I started having ivig just every 12 weeks for my first year(standard dose 2kg per lb) I was able to do it in 2 days verses the standard 5 days–was told this basically depends on your age, health, kidney functions. I think a lot of the treatment plans really depend on whether your Dr. is conservative or aggressive in the treatment. I’ve done a lot of internet reading–i think insurance is a biggie in the ivig industry, how bad your cidp is—if its not as progressed seems it isnt treated as aggressively– plus it appears different antibodies respond differently to it. I read on one site that in some cases it is good to let the antibodies “settle” before each round of ivig?? So really its a hard call for us AND the Dr.s to know whats going to work. Each case is so unique. I was recently switched from every 12 to every 6 weeks, just had my first treatment that was 6 not 12 weeks apart and noticed a BIG difference in strength and energy. by the way— im treated in Ma too—at Lahey—excellent dr there. Dr srinivasan–neuromuscular dr. Hope all goes well for you, its hard to give advice with this type of disease as it is so different for everyone–so I’ll just share my experiences and read others experiences to learn–hope this helps : ) Lori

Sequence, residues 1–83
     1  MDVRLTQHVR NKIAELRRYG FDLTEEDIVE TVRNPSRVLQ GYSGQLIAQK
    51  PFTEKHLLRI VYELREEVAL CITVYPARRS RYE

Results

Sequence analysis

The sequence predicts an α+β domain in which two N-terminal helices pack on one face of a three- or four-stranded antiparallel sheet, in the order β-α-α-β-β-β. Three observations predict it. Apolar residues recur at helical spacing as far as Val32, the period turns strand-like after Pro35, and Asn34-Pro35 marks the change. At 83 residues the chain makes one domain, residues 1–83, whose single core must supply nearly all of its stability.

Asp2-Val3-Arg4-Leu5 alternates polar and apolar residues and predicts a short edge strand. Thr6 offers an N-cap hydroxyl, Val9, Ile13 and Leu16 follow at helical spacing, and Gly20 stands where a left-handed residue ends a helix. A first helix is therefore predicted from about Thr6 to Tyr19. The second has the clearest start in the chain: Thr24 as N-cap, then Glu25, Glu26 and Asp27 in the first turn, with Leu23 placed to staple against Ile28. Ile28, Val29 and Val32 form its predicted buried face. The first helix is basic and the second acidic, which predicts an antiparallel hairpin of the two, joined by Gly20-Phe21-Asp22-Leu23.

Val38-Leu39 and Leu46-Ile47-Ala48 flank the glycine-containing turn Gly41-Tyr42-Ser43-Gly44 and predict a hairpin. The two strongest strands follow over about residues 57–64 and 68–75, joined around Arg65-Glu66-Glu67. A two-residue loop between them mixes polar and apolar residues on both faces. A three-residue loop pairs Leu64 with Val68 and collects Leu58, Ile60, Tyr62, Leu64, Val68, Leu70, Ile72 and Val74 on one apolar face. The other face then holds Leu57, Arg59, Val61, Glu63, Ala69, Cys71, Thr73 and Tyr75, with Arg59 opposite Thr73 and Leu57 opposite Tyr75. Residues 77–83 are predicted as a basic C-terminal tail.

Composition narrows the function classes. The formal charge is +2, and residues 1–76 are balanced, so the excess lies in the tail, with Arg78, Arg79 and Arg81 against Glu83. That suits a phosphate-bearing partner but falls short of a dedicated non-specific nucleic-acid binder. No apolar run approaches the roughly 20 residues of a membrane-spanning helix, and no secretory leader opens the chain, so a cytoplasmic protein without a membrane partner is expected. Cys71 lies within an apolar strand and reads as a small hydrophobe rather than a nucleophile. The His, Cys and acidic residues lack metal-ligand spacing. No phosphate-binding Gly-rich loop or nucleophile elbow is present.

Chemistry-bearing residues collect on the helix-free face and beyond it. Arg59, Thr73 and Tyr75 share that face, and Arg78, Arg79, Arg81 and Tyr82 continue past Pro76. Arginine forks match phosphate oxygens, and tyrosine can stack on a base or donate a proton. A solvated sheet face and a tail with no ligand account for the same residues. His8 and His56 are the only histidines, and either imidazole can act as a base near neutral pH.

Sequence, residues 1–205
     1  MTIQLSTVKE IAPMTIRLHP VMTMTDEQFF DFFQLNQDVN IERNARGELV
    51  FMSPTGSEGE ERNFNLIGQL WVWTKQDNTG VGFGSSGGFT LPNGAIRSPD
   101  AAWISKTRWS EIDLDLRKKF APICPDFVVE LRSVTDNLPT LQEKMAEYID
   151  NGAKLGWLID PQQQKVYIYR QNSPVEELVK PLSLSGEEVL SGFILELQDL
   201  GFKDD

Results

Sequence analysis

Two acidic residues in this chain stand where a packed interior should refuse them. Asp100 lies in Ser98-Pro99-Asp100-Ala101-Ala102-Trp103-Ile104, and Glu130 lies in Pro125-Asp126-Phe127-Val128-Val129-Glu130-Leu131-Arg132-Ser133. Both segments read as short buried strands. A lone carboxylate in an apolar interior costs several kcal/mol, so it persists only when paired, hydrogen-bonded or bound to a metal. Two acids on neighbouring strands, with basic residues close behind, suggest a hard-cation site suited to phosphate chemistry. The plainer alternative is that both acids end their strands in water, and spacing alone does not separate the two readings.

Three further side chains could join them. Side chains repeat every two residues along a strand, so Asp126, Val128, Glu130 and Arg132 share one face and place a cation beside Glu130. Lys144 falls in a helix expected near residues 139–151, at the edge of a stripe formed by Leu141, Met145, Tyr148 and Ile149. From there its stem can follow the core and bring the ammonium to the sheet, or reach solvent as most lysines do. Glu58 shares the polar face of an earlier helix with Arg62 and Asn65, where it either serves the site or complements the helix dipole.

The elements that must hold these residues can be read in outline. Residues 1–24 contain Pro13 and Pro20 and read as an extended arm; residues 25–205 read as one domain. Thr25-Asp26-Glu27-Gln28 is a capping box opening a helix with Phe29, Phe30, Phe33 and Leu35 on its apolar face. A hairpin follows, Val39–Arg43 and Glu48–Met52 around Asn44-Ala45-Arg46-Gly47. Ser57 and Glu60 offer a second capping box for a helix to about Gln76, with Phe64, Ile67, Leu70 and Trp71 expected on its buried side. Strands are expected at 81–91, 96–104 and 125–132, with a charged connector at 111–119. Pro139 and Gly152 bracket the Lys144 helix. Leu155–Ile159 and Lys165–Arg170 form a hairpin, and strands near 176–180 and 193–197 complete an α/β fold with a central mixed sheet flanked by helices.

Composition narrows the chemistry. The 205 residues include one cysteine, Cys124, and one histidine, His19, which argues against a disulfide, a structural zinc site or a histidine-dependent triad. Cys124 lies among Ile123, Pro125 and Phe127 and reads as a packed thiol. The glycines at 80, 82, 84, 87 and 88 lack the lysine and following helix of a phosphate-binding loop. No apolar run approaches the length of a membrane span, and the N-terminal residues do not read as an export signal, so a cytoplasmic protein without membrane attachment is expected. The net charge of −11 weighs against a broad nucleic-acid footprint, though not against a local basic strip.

AnonymousNovember 23, 2010 at 9:14 pm
I can certainly relate to what Goodney is talking about and being proactive in one’s treatment.
I was told by my neuro in December of 2009 (after a severe regression) that he couldn’t do anything for me and I would just have to learn to accept that I had a “bad case of GBS” and refused to run any tests.
I told him to his face that he was full of BS and he was wrong. I couldn’t pinpoint WHY my condition had worsened but I knew it wasn’t simply a bad case of GBS.
I was then sent to a nursing home and got worse – much worse – and I was adamant and complained there was something wrong every single day. The staff hated me. I simply deteriorated there for 6 weeks to the point where I almost died.
As it turned out, my neuro finally got tired of me complaining and ordered another lumbar puncture and the results concluded that I had CIDP and not GBS.
Though my neuro obviously feels differently, I feel like I saved my own ass because of my big mouth more than he did. I was as stubborn as a mule and wouldn’t accept that he couldn’t do anything about it.
I’m fine now. I’ve recovered far beyond what anyone could have expected. But it was a very long and tumultuous road getting here.
Keep fighting. Nobody knows how your body feels better than you do.
Sorry. Got way off topic here, but Goodney’s comment struck a chord with me.
AnonymousNovember 23, 2010 at 9:32 pm
When I first started getting IVIG I had it every three months.
I would feel great and then toward the end I couldn’t do anything but lie in bed in pain, counting down the days until next IVIG!
After much reading on this site and talking with people I convinced my doctor to switch to monthly infusions. Boy am I glad I did!:)
I now go every month and I am stronger and can do more.
I would recommend the once a month idea. Talk to your doctors, tell them what you think and remember to drink lots for two days before IVIG. I also take Tylenol and Benadryl to help reduce any side effects!
Rhonda from Canada
AnonymousNovember 23, 2010 at 10:47 pm